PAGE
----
Surgical Interventions for Post-SCI Pain

Mrs. Miller continues to suffer from severe pain despite a number of pharmacological treatments. She is desperate and states “just cut the nerves”. Her sister, a nurse, has been on the internet and has found a few testimonials of SCI patients whose pain was helped substantially after a surgical procedure. Both Mrs. Miller and her sister want to know if surgery would be an option.
Q26.  List the various surgical interventions available for the treatment of post-SCI pain.
1. Spinal Cord Stimulation
2. Destructive Neurosurgical Procedures
3. Dorsal Rhizotomy
4. Sympathectomy
5. Lateral Spinothalamic Tractotomy
6. Spinal Cordotomy
Table 2. Surgical Interventions for Post-SCI Pain


Description/ Evidence

Spinal Cord Stimulation


Spinal cord stimulation has been used to treat intractable pain and may improve post-SCI pain. The procedure is both expensive and invasive. Epidural electrodes are inserted percutaneously over the posterior columns of the spinal cord to allow for spinal cord stimulation. During spinal cord stimulation, 22 patients reported parasthesias overlapping the painful area. 9 patients reported 50% pain relief and 3 patients experienced no pain relief (see figure 11a).


Destructive Neurosurgical Procedures

Destructive neurosurgical procedures work best on segmental and central dysesthetic pain (Nashold, 1991). Nashold (1991) notes that surgery for pain is best done earlier than later. The Dorsal Root Entry Zone (DREZ) procedure is reportedly the most successful procedure at the present time (Nashold 1991); however, in many cases pain is either unresponsive or returns (see figure 11b).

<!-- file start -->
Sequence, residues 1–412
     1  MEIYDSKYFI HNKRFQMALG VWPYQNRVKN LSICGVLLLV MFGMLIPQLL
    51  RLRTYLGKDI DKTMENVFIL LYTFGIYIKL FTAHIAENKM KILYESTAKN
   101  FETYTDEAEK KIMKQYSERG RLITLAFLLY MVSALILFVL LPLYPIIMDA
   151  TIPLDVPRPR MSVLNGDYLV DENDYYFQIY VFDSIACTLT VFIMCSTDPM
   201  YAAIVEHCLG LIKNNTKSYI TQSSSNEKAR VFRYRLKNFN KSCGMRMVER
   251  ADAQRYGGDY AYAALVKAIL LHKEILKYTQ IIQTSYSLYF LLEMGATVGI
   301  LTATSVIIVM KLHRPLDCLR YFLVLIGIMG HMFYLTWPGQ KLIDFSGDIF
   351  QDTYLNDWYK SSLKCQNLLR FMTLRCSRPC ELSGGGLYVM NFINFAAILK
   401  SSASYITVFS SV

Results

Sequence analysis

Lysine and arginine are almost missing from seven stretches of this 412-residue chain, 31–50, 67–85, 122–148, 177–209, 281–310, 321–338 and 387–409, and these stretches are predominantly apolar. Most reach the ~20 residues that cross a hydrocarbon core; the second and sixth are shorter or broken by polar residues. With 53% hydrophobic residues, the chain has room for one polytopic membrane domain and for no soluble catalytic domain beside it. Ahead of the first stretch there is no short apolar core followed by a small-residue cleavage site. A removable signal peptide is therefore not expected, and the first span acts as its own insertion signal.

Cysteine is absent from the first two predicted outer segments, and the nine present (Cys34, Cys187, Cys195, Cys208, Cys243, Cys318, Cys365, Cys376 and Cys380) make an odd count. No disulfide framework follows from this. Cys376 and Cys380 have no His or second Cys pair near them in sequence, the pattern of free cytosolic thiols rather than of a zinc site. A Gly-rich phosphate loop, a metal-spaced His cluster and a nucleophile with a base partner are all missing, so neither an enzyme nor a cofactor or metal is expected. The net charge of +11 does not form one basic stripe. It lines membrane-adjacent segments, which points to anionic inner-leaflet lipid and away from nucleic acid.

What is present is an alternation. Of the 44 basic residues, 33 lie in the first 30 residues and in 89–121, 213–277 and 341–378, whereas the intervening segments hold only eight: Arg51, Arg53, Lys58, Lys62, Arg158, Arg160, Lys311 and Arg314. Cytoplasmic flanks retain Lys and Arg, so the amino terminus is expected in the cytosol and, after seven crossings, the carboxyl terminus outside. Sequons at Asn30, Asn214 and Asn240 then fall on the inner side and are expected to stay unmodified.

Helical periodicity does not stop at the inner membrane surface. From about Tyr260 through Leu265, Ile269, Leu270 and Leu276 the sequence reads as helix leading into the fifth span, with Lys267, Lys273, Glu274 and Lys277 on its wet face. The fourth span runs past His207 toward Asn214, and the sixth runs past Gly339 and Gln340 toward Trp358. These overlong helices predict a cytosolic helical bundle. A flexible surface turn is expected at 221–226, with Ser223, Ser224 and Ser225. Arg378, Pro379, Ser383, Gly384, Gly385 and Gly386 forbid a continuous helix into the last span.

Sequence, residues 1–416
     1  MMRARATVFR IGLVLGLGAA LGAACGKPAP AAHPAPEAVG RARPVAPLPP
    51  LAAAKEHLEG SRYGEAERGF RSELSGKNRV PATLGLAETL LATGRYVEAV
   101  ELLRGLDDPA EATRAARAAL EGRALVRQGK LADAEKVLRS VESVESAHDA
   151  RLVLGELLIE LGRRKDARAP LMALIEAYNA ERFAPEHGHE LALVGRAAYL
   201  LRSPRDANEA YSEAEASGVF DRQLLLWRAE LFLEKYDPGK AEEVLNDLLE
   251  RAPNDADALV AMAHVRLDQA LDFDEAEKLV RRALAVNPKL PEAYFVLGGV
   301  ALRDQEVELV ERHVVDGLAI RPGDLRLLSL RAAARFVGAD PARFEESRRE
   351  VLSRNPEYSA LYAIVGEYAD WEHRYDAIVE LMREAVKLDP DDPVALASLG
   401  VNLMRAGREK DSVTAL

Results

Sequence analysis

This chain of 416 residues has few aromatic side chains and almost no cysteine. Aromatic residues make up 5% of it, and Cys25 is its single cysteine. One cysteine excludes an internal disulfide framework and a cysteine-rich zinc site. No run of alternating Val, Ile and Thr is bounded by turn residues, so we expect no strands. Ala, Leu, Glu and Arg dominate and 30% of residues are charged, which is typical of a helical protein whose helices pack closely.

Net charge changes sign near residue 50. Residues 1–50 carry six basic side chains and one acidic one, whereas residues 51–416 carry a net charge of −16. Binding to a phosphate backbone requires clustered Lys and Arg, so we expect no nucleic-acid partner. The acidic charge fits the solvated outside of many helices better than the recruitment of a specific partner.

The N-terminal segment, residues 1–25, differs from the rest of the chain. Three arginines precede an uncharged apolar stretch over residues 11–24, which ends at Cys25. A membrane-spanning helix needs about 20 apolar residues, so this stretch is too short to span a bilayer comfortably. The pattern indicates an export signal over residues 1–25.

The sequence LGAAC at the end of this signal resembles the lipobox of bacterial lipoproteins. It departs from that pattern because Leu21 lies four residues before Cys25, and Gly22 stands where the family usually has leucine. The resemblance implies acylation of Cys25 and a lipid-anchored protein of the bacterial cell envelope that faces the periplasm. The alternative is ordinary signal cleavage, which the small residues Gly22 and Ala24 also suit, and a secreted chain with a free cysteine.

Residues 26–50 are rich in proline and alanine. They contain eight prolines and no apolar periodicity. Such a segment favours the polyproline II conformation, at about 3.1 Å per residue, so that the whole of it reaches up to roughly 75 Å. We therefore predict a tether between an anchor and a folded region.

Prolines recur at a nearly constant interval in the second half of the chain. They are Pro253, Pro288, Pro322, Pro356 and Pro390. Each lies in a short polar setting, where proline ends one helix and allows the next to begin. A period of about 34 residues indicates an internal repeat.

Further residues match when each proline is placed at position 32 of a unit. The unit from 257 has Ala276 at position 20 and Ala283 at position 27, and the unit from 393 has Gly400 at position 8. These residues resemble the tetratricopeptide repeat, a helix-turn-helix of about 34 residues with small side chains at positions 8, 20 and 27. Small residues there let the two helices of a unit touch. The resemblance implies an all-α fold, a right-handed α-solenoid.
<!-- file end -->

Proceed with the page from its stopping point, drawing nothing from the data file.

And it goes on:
Dorsal Rhizotomy

Dorsal rhizotomy is a procedure where the sensory roots are divided either intradurally or extradurally. According to Nashold (1991) a single one or two level root rhizotomy may be appropriate when the pain is localized as in those patients with paraparesis and single root pain. Moreover, Nashold (1991) reported the Dorsal Root Entry Zone procedure was more likely to be successful in these patients (see figure 11c).




Sympathectomy is not recommended for pain following SCI (Nashold 1991). As mentioned previously, sympathetic blockade and sympathectomy have reportedly failed to relieve the central pain of SCI (White 1969; Melzack 1978; Friedman 1986) (see figure 11d).


Lateral Spinothalamic Tractotomy


Hazouri and Mueller (1950) described three selected cases of patients with intractable root pain, subsequent to severe trauma to the cauda equina which resulted in paraplegia (L2-4 lesions). All three patients demonstrated a distinct increase in the threshold for perception of pain and "an even more remarkable increase in the threshold for reaction to pain." Lateral spinothalamic tractotomy in all three of these patients resulted in complete relief from pain. Threshold studies subsequent to the tractotomy "revealed a striking return of perception and reaction thresholds to a normal range."


Spinal Cordotomy


This procedure can be performed openly or percutaneously. Anterior spinothalamic tracts subserving pain and temperature function are sectioned, often requiring a bilateral approach. Spinal cordotomy is an option but is rarely employed and there is little evidence that it works.


For more information, please see:Surgical Interventions.


Figure 11a.
Surgical intervention available for the treatment of post-SCI pain – Spinal Cord Stimulation

Figure 11b.Surgical intervention available for the treatment of post-SCI pain – Destructive Neurosurgical Procedures.

Figure 11c.Surgical interventions available for the treatment of post-SCI pain – Dorsal Rhizotomy.

Figure 11d.Surgical interventions available for the treatment of post-SCI pain – Sympathectomy.